• No testing should be done before the children learn English.
  • Difficulties, both academic and behavioral, are solely due to the children's institutional background; thus, loving families, good nutrition, and consistent schooling are all these children need for recovery.
  • International adoptees may not be eligible for special education services because of the language and cultural issues involved.

All these assumptions are damaging for internationally adopted post-institutionalized children, depriving them of needed help and support in education.

Teacher preparedness for work with international adoptees is currently limited, at best, to sensitivity training: what is the proper language to use addressing adopted children and their parents, what assignments to give to adopted children in the classroom to avoid embarrassment, how to protect adopted children from bullying and teasing. All these are important topics which should be further developed and perfected, but they do not address the most essential educational, cognitive and language issues faced by international adoptees in school.

Program modifications and support for school personnel have to be specific to this group of children and need to include information on most typical disabilities and their implications for instruction. For example, the effects of Post Traumatic Syndrome Disorder, attachment issues, and post-institutional behavior syndrome on child development and educational processes would be a good start. Staff training for the application of specific behavior interventions and/or instructional strategies, such as the Wilson Reading System is important. One also cannot overestimate the importance of teacher training on language attrition and its effect on educational processes.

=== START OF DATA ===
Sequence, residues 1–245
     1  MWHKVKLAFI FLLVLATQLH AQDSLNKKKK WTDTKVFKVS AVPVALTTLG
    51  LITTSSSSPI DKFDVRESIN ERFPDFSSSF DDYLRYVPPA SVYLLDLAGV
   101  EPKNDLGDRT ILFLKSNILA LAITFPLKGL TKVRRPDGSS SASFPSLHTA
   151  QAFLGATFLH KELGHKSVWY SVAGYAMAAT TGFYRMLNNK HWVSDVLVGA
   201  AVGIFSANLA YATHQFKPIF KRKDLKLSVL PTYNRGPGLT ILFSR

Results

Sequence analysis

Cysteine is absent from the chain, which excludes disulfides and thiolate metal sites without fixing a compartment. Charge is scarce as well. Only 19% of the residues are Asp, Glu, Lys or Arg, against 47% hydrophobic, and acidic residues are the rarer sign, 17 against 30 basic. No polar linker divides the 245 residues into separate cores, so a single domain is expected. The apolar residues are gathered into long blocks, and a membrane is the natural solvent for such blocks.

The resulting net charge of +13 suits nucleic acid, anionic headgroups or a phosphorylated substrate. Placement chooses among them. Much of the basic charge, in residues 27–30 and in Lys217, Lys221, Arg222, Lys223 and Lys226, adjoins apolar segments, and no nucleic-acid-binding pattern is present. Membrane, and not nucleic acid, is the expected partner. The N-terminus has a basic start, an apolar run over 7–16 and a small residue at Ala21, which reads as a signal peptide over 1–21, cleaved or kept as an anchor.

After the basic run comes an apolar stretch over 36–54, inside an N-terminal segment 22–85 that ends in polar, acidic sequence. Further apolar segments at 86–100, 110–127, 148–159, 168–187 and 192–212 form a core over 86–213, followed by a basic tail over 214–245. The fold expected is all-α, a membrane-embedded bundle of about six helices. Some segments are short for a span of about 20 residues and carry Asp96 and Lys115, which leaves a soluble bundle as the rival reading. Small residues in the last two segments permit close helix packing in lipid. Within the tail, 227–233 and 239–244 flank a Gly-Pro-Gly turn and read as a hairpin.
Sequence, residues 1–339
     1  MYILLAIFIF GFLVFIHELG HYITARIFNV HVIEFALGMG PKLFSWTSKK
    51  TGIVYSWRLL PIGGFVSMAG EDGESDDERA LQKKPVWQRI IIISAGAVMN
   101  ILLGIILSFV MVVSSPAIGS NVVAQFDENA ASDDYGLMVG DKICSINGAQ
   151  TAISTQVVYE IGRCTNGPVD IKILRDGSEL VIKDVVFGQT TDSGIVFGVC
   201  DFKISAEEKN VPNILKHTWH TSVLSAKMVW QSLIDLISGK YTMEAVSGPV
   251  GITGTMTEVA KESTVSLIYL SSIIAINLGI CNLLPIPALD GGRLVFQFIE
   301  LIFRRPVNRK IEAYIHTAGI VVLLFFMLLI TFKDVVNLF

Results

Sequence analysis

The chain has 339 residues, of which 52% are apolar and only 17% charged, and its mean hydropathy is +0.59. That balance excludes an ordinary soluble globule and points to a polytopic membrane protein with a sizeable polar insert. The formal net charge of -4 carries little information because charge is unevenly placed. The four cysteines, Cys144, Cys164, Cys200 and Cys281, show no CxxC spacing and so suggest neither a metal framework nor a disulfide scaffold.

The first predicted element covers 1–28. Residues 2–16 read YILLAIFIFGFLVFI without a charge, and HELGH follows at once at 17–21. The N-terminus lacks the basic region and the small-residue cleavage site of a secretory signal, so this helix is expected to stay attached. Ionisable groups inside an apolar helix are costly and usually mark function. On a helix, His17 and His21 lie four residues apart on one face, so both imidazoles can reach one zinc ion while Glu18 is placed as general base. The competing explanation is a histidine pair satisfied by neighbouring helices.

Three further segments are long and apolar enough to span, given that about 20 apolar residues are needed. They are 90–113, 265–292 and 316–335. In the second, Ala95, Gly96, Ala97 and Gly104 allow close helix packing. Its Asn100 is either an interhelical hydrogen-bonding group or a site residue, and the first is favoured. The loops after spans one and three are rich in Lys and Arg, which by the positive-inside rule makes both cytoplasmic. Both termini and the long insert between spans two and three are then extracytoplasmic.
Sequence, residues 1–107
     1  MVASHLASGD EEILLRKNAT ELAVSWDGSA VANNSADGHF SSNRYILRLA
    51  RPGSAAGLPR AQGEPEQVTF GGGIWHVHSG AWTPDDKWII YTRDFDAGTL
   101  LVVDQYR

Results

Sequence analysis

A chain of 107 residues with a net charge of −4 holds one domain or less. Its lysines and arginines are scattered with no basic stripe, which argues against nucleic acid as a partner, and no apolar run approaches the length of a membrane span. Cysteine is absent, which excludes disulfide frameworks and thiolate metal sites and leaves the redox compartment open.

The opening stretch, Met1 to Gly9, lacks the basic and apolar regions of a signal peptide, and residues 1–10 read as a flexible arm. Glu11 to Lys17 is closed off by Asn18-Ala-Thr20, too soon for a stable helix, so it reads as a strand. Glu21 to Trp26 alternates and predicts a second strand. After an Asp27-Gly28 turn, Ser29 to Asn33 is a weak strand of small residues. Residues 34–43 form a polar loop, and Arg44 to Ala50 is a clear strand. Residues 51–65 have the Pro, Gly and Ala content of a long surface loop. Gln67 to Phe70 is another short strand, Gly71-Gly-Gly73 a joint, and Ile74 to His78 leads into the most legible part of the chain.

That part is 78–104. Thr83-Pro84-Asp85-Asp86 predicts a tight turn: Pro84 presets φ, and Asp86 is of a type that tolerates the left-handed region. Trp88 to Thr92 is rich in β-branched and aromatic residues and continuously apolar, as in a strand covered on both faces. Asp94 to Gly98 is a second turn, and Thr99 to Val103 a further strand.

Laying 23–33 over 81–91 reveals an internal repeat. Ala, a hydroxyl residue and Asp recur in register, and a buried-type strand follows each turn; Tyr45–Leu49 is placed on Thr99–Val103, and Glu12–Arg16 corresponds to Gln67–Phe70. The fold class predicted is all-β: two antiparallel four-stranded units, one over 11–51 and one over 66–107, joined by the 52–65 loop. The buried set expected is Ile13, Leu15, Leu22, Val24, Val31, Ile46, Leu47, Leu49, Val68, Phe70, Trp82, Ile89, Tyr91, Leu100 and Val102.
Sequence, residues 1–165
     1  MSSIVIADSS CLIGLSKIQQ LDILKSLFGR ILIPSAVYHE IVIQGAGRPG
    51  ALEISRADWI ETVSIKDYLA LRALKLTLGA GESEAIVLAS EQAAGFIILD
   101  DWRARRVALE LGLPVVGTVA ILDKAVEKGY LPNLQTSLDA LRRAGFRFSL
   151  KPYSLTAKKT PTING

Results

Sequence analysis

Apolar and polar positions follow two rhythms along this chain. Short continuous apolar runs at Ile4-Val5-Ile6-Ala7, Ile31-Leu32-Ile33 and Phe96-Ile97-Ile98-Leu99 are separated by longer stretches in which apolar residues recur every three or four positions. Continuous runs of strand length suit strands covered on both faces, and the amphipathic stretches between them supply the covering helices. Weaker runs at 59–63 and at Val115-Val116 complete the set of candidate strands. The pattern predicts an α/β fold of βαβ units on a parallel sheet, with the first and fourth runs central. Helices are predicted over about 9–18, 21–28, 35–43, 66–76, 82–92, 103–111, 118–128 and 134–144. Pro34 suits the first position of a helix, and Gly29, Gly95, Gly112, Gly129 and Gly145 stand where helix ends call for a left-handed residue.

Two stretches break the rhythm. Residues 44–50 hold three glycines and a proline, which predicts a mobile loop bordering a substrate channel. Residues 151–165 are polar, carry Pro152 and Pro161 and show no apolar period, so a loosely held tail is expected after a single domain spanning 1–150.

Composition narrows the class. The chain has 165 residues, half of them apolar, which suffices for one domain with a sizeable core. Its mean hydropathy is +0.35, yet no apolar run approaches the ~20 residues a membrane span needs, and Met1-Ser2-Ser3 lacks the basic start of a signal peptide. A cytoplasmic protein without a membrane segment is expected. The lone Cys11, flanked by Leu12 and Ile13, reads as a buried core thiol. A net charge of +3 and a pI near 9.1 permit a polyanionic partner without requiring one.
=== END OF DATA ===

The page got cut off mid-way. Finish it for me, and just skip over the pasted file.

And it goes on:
The uniqueness of the educational situation in the field of international adoption is that often parents, as a group, are better prepared to handle their children's school issues than professional educators. The majority of parents who adopt internationally are well-educated, middle class, mature individuals. Most of them have undergone special training before adoption. They belong to support groups and to parent organizations. Many of them are well informed about the challenges and opportunities in educating and rehabilitating their adopted children. Parents who adopt internationally are involved and active parents.

Unfortunately, often our schools cannot match parents in their preparedness. Although schools have resources and skilled staff, little training, if any, has been provided to school personnel for understanding this category of students and for promoting the various techniques and methodologies of physical, emotional and cognitive remediation for internationally adopted children. Lack of experience and information may lead to inappropriate educational practices and may result in tremendous frustration both in parents and educators, in legal actions brought against school districts by discouraged parents, and, most important, it may set up conditions for further aggravation of the educational problems of international adoptees.

During the last two decades we have learned the hard way that love and good nutrition are not enough to accelerate cognitive and language development in children who have been victims of deprivation, neglect and institutionalization culturally sensitive, age-specific, and persistent cognitive and language intervention should be applied in the schools to make remediation more effective and to reverse detrimental trends in academic performance experienced by many international adoptees.